How to Sell Black Walnuts
Black walnut trees drop hundreds of large nuts that, unlike the English walnut, are incredibly difficult to crack without a specialised tool. Black walnut trees might be messy, but if you're entrepreneurial you can sell them to make a tidy profit.
Black walnuts have a musky flavour that differs from their English cousin; these nuts are popular among chefs and in ice cream. There are tools you can purchase for easy harvesting, but the most common way to gather black walnuts is to pick them by hand.
- Black walnut trees drop hundreds of large nuts that, unlike the English walnut, are incredibly difficult to crack without a specialised tool.
Wait until your walnut tree begins to drop black walnuts. Walnuts typically ripen in the mid-fall, between August and early October.
Check around your neighbourhood for other black walnut trees. Many homeowners will be glad to have help removing the walnuts from the tree. You will make a larger profit with more walnuts. Ask before the walnuts drop from the tree so you don't miss out; you can exchange phone numbers so your neighbours can call you when they're ready to clean up the yard.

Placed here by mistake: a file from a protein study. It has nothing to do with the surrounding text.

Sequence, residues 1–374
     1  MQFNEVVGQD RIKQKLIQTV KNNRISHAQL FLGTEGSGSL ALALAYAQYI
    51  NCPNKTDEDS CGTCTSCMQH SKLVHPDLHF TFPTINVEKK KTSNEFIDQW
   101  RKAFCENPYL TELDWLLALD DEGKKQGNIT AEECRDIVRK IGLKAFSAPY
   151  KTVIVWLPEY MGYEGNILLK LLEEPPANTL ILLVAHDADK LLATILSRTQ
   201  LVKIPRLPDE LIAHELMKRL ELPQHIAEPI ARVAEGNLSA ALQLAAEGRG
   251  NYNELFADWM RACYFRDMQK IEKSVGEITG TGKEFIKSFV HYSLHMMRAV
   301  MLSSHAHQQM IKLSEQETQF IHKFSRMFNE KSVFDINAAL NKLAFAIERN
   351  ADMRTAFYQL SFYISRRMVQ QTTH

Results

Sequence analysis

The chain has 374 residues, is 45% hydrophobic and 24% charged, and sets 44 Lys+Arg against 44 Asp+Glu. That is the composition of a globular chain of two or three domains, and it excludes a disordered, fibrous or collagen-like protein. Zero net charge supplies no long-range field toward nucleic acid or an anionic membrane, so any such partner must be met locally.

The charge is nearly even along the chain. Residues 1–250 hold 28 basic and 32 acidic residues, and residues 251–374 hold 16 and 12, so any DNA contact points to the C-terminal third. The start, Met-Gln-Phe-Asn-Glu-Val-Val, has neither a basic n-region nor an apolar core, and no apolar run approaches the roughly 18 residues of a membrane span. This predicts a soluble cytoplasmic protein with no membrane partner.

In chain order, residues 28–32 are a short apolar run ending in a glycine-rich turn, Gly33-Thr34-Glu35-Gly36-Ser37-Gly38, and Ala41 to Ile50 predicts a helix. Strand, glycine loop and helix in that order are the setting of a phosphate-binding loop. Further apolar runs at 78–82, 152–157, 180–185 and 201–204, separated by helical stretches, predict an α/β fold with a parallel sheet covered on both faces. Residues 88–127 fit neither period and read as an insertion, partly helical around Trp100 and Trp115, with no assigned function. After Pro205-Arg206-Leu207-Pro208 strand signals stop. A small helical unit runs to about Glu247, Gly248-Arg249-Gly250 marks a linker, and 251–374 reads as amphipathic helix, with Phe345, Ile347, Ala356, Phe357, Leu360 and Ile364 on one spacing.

Gather nuts that have fallen and fill the paper sack. If you want, place the sack on a scale and weigh it so that you have some idea of how many pounds of walnuts you have.
- Gather nuts that have fallen and fill the paper sack.
Continue to gather walnuts from your black walnut tree and any others.
Research nut companies that may be interested in buying your crop. Hammons nut company buys black walnuts from individuals, according to the WCFCourier.com. Other nut companies may purchase black walnuts. Ask a representative at the company how to arrange to see the nut crop.
Contact local farm markets, organic markets and health food stores if you're unable to find a nut buyer. Also contact fine dining restaurants and speciality food companies in your area. Let them know you have black walnuts for sale.
- Store the walnuts in a clean, dry area while you are trying to sell them. Do not leave them outside where squirrels could eat them.
A successful website writer since 1998, Elton Dunn has demonstrated experience with technology, information retrieval, usability and user experience, social media, cloud computing, and small business needs. Dunn holds a degree from UCSF and formerly worked as professional chef. Dunn has ghostwritten thousands of blog posts, newsletter articles, website copy, press releases and product descriptions. He specializes in developing informational articles on topics including food, nutrition, fitness, health and pets.